Some come for earthly glories

munich-drums

Some come for earthly glories

For the earthly Glories, some,
Sigh for the Paradise to come;
Ah, grab the Cash, let the Credit go,
Heed not the rumble of the distant Drum!

Certaines, pour les gloires mondaines,
Suspirant pour que le Paradis vienne;
Ah, prenez le cash, laissez le crédit aller,
N’entendez pas le grondement du tambour éloigné!

Einige, für die weltlichen Ruhm,
Seufzen für das Paradies zu kommen;
Ah, packen Sie den Geld, lassen Sie den Kredit gehen,
Hörte nicht das Rumpeln der fernen Trommel!

Quatrain 13

Dear reader, we have come to the 13th quatrain of Fitzgerald’s, The Rubaiyat, by Omar Khayyam, (1120 A.C.E.) and I sit here wondering if Omar thought this particular verse unlucky because of its number.

The 13th day of the New Year

Clerics in today’s Iran have tried hard to stamp out the superstitious belief that 13 is an unlucky number.

In particular, Iranians believe that it is unlucky to stay inside your house on the 13th day of the Persian New Year. The belief is a mark of the Zoroasteran past that dates to 1000 BCE and possibly before. Today across the country, Iranian families spread rugs and set up tents in parks to mark the holiday and tie or weave blades of grass together as a sign of good luck.

I have altered Fitzgerald’s wording of the 13th quatrain slightly. The original quatrain goes like this:

Some for the Glories of This World; and some
Sigh for the Prophet’s Paradise to come;
Ah, take the Cash, and let the Credit go,
Nor heed the rumble of a distant Drum!

You can decide for yourself which version is best.

Cash and credit in Persia

To some, I suspect it seems strange to speak of cash and credit in Omar Khayyám’s time.

Not at all, friends, credit has existed as long as civilization itself.

Gold and silver coins are often scarce and greed spurs men on to take chances. Proof of our fondness for credit is found in the Code of Hammurabi (1800 B.C.), which set the maximum interest rate for lending silver at 20%, and credit on the production of food grains at 33%.

A jug of wine, a loaf of bread

wine_bread

A Book of Verses underneath the Bough,
A Jug of Wine, a Loaf of Bread–and Thou
Beside me singing in the Wilderness–
Oh, Wilderness were Paradise enow!

Un Livre de Versets dans le bois,
Un vase de vin, du pain – et toi
A côté de moi, chantant dans la forêt sauvage…
Oh, la forêt était un Paradis suffi!

Ein Buch der Verse unter den Bäumen
ein wenig Wein, einige Brot – und du
Neben mir in dem wilden Wald singen …
Oh, der Wald war ein Paradies genug!

Omar the tent maker

Call him Omar the tent maker, or the tent maker’s son, for that is the translation of Khayyam.

Despite this humble origin, Omar was quite serious about astronomical observations and mathematical questions. And yet, Omar well understood the insoluble complexity of the universe and balanced his mathematical obsession with verse, wine, bread, and women.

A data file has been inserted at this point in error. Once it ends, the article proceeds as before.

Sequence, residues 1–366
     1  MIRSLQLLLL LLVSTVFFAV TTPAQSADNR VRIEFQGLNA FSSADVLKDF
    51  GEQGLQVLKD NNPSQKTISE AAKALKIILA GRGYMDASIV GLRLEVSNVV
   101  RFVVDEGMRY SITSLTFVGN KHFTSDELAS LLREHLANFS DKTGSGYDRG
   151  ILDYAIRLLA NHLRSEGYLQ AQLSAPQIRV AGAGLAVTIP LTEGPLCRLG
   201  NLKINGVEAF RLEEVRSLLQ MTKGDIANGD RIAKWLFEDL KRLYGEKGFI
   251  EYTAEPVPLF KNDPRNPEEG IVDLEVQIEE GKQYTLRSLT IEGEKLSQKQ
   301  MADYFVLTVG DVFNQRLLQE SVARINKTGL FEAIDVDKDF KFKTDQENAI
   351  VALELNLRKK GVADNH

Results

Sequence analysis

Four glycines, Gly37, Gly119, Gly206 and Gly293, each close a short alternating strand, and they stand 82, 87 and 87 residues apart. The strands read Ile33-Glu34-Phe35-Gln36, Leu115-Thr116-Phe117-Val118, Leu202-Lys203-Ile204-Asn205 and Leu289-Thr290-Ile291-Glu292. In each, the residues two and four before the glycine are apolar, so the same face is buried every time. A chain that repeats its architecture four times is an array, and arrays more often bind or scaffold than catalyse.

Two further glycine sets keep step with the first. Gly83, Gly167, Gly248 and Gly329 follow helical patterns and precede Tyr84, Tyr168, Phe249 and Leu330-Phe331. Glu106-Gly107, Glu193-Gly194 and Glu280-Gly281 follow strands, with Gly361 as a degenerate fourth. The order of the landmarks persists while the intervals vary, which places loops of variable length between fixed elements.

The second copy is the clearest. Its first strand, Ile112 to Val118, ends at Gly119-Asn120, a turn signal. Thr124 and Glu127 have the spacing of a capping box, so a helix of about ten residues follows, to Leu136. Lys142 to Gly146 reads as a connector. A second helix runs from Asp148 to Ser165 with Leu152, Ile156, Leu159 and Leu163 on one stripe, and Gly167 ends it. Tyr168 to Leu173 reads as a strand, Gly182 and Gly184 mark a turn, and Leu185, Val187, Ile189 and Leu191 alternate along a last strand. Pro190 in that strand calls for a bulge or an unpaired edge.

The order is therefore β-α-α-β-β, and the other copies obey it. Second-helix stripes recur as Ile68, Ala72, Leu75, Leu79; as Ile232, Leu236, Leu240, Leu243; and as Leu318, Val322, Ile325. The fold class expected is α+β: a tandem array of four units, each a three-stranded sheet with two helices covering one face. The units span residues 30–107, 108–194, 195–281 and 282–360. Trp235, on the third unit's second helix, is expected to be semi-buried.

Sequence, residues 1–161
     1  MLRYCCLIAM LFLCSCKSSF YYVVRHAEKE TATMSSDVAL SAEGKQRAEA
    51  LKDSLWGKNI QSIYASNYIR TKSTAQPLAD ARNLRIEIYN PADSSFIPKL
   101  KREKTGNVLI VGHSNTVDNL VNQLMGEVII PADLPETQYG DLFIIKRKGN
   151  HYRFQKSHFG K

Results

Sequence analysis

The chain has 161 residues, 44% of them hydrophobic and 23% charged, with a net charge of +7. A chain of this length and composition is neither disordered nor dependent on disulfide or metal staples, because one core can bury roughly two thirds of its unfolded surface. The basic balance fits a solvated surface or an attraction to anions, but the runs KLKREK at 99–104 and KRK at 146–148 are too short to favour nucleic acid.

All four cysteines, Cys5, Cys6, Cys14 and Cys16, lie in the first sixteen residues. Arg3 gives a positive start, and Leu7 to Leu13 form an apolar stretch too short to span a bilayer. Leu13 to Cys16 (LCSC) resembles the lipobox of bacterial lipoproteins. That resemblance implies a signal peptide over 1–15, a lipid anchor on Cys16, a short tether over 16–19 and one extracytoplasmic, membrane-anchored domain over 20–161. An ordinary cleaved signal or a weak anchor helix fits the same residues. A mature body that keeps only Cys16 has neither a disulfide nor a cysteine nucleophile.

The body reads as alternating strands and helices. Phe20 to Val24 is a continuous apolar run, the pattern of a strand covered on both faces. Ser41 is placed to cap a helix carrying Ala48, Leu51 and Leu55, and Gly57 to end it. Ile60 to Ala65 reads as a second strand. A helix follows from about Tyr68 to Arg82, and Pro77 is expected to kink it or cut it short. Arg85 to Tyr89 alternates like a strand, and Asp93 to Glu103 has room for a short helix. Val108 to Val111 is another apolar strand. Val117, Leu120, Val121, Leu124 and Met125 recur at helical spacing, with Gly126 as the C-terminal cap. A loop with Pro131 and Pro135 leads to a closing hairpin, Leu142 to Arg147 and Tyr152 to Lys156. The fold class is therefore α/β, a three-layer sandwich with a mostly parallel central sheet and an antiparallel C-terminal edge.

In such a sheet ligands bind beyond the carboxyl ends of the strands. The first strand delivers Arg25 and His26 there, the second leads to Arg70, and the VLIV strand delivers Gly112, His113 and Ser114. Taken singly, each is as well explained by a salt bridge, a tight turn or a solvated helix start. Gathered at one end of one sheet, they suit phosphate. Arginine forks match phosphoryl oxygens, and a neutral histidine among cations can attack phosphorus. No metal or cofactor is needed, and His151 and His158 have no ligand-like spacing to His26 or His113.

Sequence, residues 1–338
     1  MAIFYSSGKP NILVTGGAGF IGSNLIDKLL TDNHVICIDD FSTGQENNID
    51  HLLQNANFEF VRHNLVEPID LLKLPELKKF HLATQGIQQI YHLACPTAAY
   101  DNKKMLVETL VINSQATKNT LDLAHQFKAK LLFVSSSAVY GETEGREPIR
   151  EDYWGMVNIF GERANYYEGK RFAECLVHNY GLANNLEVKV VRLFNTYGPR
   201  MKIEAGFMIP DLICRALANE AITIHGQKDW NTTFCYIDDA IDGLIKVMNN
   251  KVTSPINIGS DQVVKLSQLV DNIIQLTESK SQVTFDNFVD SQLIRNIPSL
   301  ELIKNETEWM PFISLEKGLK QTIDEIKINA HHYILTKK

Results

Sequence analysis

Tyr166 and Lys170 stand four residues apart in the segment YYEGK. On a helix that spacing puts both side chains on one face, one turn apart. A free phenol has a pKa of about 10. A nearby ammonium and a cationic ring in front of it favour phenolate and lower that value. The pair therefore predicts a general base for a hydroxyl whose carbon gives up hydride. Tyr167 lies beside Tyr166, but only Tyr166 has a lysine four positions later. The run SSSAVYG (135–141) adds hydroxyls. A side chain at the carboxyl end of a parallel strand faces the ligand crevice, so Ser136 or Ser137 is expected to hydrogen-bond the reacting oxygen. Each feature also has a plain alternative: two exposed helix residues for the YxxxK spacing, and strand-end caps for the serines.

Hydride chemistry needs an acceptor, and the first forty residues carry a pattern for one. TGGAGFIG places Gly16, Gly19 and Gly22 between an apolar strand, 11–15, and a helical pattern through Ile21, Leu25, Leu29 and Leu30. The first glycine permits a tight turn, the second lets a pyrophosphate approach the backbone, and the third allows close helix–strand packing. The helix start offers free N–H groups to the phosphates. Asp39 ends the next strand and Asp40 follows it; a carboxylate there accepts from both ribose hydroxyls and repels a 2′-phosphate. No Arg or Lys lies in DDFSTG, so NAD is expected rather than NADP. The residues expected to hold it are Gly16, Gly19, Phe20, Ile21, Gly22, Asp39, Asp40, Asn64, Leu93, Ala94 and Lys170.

La vie n’est jamais facile, mes amis, mais du vin et les versets le font plus.

In 1073, Malik-Shah, ruler of the Seljuq dynasty and his vizier Nizam al-Mulk, invited Omar Khayyam to Esfahan, the capital, to set up an astronomical observatory. For 18 years Khayyam worked in relative peace. In 1092, Malik-Shah died and his vizier was murdered. Khayyam came under attack from the orthodox Muslims who felt that his curiosity did not conform to the faith. Nevertheless, he remained at court and tried to curry favor with Sanjar, Malik-Shah’s third son, who became the ruler of the empire in 1118.

Death entered Omar’s tent in Nishapur on 4 December 1131.

Along the strip of herbage strewn

800px-Edmund_J_Sullivan_Illustrations_to_The_Rubaiyat_of_Omar_Khayyam_First_Version_Quatrain-011

With me along the strip of Herbage strewn
That just divides the desert from the sown,
Where name of Slave and Sultan is forgot–
And Peace to Mahmud on his golden Throne!

French translation of Quatrain 11

Venez avec moi dans l’espace du vert parsemé
Qui divise la terre inconnue de cet homme a semé,
Où le nom de l’esclave et du sultan ne compte pas …
Alayhi as-salām, dit Mahmud sur son trône!

What have we to do?

Oh, Let them take them! What have we to do
With Kaikobad the Great or Kaikhosru?
While Zal and Rustum bluster, as they will,
Call Hatim to Supper – and heed not you

French translation

Ô, laissez-les les prendre! Que faut-il faire
Avec Kaikobad the Grande ou Kaikhosru?
Tandis que Zal et Rostam tempêtent, comme ils le feront,
Appelez Hatim à la dîner – n’ignore pas vous

German translation

Oh, lass sie sie nehmen! Was haben wir zu tun
Mit Kaikobad der Große oder Kaikhosru?
Während Zal und Rustum tosen, wie sie wollen,
Rufen Sie Hatim zum Abendmahl an – beachten Sie nicht Sie

Spanish translation

Oh, ¡Que se los lleven! ¿Qué tenemos que hacer?
¿Con Kaikobad el Grande o Kaikhosru?
Mientras que Zal y Rustum fanfarronean, como ellos,
Llama a Hatim a la cena – no te hagas caso

Notes on translation and explanation of Quatrain 10.

A few minor changes to Fitzgerald’s wording and the spelling of Rostam.

The gods of war cares not for human life and life is short. Oh, what have we to do?

Kaikobad the Great and his grandson (possibly great grandson) Kaikhosru were mighty kings who battled enemies far and wide. They are named in the epic poem Shahnameh, “The Book of Kings”, written by Persian poet Hakim Abol Qasem Ferdowsi Tousi and completed in the year 1010. Redowsi also names Zal and his son Rostam, legendary figures in Persian mythology. Rostam is the mightiest of Persian paladins, famous for courage and fighting.